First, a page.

Worlds Apart: Race in the Modern Period

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Greenwood Publishing Group, 2001 - Literary Criticism - 218 pages


Long before the physical advent of Blacks in Europe, Professor Dathorne asserts they featured over and over again in literature as marginalized Others, but rarely were real Blacks present. As English developed as a language, race came into the evolution of the signifiers, so that words like darkness, blackness, and so on became heavily charged with negative connotations.

Using travel literature as well as figures on the Elizabethan and Jacobean stage and material from later writers, Dathorne shows how negative elements surrounding Blackness were transferred to Native Americans, to Indians from India, to South Pacific islanders, and others. A provocative analysis for scholars, students, and researchers involved with Ethnic Studies, Cultural Studies, and race.

 

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Contents

The Trace of Orality
1
New WorldOld Word Viewed Visionary Verbal and Visual in the Construction of Text
21
To Wash an Ethiop White Royalty Gender and Race in the Early Modern Period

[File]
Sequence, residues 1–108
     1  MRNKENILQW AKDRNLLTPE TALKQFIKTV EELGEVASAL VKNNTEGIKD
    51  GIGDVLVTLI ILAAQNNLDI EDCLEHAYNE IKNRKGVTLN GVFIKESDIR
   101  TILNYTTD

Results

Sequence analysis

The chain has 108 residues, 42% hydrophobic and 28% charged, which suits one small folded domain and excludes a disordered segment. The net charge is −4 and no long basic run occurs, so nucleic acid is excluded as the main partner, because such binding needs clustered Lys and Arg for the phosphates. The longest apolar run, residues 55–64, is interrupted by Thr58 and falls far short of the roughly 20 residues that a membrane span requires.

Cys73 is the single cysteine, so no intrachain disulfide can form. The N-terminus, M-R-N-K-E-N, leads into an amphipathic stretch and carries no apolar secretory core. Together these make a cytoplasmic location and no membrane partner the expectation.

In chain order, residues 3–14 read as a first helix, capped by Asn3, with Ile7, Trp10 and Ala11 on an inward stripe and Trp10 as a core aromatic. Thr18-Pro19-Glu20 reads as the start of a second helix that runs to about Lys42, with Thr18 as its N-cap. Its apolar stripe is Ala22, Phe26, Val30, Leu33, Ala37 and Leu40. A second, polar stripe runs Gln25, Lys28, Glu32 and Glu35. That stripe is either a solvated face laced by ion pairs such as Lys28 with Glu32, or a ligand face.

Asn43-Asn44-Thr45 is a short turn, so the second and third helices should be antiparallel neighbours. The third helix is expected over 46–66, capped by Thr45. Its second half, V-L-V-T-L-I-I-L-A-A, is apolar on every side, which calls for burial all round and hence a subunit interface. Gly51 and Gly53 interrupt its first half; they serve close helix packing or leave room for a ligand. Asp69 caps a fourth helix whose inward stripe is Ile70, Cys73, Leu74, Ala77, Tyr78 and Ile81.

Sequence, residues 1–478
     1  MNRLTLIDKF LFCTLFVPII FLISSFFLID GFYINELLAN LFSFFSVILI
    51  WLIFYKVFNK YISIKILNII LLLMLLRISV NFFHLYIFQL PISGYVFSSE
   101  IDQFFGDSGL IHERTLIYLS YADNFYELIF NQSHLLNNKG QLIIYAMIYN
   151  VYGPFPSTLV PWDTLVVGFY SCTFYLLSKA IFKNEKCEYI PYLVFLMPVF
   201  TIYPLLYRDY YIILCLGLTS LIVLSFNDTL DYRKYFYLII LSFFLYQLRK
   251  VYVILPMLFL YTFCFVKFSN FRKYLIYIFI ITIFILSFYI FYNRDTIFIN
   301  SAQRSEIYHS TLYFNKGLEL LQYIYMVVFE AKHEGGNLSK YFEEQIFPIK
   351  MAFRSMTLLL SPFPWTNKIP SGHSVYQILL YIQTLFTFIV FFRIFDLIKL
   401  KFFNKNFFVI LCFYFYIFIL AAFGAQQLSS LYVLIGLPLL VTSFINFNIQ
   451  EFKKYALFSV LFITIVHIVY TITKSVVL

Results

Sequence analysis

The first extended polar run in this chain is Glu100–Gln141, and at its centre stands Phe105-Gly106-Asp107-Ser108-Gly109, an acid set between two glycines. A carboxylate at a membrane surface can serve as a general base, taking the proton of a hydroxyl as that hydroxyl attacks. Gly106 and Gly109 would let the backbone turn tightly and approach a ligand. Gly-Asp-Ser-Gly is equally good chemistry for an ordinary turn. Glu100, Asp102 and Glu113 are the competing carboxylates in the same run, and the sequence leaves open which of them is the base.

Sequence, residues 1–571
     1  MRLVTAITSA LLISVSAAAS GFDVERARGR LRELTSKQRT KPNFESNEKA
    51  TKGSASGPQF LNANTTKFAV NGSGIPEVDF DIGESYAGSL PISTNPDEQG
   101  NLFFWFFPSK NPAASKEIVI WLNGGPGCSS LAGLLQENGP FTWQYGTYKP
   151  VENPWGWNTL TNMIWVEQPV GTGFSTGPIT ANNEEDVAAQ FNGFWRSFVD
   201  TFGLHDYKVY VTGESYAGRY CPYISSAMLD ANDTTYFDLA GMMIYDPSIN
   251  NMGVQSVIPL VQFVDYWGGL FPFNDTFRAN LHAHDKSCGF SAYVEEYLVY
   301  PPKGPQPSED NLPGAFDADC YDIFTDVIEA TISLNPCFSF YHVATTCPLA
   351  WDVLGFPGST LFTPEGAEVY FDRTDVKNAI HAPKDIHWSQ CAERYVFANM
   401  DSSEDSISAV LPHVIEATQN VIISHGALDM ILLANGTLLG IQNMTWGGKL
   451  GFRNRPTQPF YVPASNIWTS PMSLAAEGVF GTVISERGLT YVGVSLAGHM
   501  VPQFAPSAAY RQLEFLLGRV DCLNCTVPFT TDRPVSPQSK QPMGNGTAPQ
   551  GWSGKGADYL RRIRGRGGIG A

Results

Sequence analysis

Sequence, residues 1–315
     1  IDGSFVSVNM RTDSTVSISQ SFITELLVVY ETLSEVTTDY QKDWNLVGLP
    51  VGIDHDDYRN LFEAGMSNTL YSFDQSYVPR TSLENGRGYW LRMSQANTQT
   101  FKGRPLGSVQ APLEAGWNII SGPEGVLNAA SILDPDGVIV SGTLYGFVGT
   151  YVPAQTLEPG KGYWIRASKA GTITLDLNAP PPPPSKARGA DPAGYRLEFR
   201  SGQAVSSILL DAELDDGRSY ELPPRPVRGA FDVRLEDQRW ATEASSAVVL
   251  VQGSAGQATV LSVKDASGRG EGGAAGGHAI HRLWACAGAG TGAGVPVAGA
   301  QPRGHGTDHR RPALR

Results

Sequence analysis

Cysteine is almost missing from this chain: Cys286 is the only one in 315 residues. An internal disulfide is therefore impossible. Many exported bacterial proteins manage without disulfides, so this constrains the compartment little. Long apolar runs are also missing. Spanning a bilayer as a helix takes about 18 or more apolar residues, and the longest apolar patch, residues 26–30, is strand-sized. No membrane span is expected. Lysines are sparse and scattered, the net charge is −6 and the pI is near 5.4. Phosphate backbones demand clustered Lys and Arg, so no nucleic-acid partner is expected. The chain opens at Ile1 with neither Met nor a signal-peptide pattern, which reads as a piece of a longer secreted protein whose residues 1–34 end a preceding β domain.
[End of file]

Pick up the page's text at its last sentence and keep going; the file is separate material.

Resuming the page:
43
Talking Indian Written Hegemony and Oral Native American Narration
65
RePlacing the World The Search for the Half Sign
85
Imagining Africa Space as Myth and Reality
101
Africa in Europe Binaries and Polarities
123
Inventing Diaspora African Cultural Extensions
137
When Nomads Go Home Inventing a Third Space
151
Interacting at the Margins When Race is Class is Gender
167
Afterword
187
Bibliography
193
Index
211
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About the author (2001)

O. R. DATHORNE is Professor of English at the University of Kentucky. He directs the Association of Caribbean Studies and has been the editor of the Journal of Caribbean Studies for two decades. He is a Fellow of the Royal Society of Arts and a Fellow of the Royal Society of Economics. He is the author of more than one hundred learned articles, short stories, poems, plays, and scholarly works, including The Black Mind, Dark Ancestor, In Europe's Image: The Need for American Multiculturalism, Imagining the World: Mythical Belief versus Reality in Global Encounters, and Asian Voyages: Two Thousand Years of Constructing the Other.

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